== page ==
Lack of AcrB efflux function confers loss of virulence on Salmonella enterica serovar Typhimurium

Research output: Contribution to journalArticlepeer-review

Authors

  • Barbara Chirullo
  • Jonathan Betts
  • Roberto M La Ragione
  • Alasdair Ivens
  • Vito Ricci
  • Timothy J Opperman

External organisations

  • Institute of Microbiology and Infection, College of Medical and Dental Sciences, The University of Birmingham, Birmingham, United Kingdom.
  • Unit of Prophylaxis and Control of Bacterial Zoonoses, Department of Veterinary Public Health and Food Safety, Istituto Superiore di Sanità, Rome, Italy.
  • School of Veterinary Medicine, Faculty of Health and Medical Sciences, University of Surrey, Guildford, United Kingdom.
  • Centre for Immunity, Infection and Evolution, University of Edinburgh, Edinburgh, United Kingdom.
  • Microbiotix, Inc., Anti-Infectives R&D, Worcester, Massachusetts, USA.

Abstract

AcrAB-TolC is the paradigm resistance-nodulation-division (RND) multidrug resistance efflux system in Gram-negative bacteria, with AcrB being the pump protein in this complex. We constructed a nonfunctional AcrB mutant by replacing D408, a highly conserved residue essential for proton translocation. Western blotting confirmed that the AcrB D408A mutant had the same native level of expression of AcrB as the parental strain. The mutant had no growth deficiencies in rich or minimal medium. However, compared with wild-type SL1344, the mutant had increased accumulation of Hoechst 33342 dye and decreased efflux of ethidium bromide and was multidrug hypersusceptible. The D408A mutant was attenuated in vivo in mouse and Galleria mellonella models and showed significantly reduced invasion into intestinal epithelial cells and macrophages in vitro. A dose-dependent inhibition of invasion was also observed when two different efflux pump inhibitors were added to the wild-type strain during infection of epithelial cells. RNA sequencing (RNA-seq) revealed downregulation of bacterial factors necessary for infection, including those in the Salmonella pathogenicity islands 1, 2, and 4; quorum sensing genes; and phoPQ. Several general stress response genes were upregulated, probably due to retention of noxious molecules inside the bacterium. Unlike loss of AcrB protein, loss of efflux function did not induce overexpression of other RND efflux pumps. Our data suggest that gene deletion mutants are unsuitable for studying membrane transporters and, importantly, that inhibitors of AcrB efflux function will not induce expression of other RND pumps.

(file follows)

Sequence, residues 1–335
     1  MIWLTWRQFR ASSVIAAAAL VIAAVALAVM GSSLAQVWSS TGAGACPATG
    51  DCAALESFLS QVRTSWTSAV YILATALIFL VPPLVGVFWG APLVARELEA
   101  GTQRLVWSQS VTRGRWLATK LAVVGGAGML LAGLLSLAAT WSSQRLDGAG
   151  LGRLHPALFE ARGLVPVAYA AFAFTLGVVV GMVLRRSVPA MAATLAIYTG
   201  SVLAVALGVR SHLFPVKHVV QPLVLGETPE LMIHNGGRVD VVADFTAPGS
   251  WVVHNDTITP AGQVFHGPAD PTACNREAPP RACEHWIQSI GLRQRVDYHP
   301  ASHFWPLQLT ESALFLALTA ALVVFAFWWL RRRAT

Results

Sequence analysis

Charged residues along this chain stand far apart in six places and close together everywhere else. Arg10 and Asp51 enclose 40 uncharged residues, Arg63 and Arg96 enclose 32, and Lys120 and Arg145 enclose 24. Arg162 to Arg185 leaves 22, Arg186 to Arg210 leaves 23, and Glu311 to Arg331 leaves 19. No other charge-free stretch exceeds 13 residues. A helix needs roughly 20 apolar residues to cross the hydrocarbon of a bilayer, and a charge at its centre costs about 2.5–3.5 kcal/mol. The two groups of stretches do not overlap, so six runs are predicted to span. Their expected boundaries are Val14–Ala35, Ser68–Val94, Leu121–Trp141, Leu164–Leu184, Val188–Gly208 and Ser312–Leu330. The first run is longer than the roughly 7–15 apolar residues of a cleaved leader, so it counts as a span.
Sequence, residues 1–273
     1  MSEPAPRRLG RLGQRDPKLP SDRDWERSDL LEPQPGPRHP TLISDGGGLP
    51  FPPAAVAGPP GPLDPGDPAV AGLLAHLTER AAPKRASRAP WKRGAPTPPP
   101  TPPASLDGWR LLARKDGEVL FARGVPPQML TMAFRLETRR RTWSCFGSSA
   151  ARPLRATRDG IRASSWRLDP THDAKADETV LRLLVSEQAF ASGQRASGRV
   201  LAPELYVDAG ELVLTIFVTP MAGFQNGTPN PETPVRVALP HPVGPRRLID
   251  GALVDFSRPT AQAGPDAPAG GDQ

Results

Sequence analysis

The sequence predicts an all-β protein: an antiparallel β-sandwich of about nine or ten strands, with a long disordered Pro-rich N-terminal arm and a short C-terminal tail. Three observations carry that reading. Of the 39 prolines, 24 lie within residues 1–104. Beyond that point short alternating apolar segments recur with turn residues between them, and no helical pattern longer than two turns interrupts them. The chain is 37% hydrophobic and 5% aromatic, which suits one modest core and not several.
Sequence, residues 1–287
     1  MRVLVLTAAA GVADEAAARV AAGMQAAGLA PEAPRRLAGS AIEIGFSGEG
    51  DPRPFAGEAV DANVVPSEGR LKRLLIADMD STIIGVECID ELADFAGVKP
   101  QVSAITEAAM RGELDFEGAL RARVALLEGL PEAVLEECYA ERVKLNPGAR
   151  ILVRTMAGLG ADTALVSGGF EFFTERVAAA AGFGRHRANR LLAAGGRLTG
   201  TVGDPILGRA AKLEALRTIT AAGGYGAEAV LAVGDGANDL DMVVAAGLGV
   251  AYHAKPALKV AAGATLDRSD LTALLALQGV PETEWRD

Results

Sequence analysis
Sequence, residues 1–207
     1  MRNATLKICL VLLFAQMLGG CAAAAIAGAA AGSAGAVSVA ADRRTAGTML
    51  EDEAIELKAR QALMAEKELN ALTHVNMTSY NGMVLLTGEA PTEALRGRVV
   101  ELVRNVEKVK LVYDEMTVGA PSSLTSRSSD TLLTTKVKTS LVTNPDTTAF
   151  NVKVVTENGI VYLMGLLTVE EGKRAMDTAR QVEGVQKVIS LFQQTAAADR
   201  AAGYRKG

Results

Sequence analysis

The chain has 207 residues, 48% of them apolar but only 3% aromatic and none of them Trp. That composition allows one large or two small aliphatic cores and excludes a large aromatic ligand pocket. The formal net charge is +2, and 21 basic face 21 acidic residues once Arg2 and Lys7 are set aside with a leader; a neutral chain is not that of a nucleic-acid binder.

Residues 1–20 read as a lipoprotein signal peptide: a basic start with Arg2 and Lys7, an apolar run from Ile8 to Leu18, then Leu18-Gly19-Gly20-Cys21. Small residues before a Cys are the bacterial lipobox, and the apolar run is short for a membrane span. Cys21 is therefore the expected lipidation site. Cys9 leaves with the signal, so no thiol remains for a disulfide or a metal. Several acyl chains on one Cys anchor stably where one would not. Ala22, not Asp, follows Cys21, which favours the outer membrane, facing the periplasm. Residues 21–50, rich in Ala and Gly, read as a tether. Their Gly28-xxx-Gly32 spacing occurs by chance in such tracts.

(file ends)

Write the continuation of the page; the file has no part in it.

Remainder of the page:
Details

Original languageEnglish
Article numbere00968-17
JournalmBio
Volume8
Issue number4
Publication statusPublished - 18 Jul 2017

Keywords

  • AcrB, SPI, Salmonella, Salmonella pathogenicity island, efflux, motility, transcriptome, virulence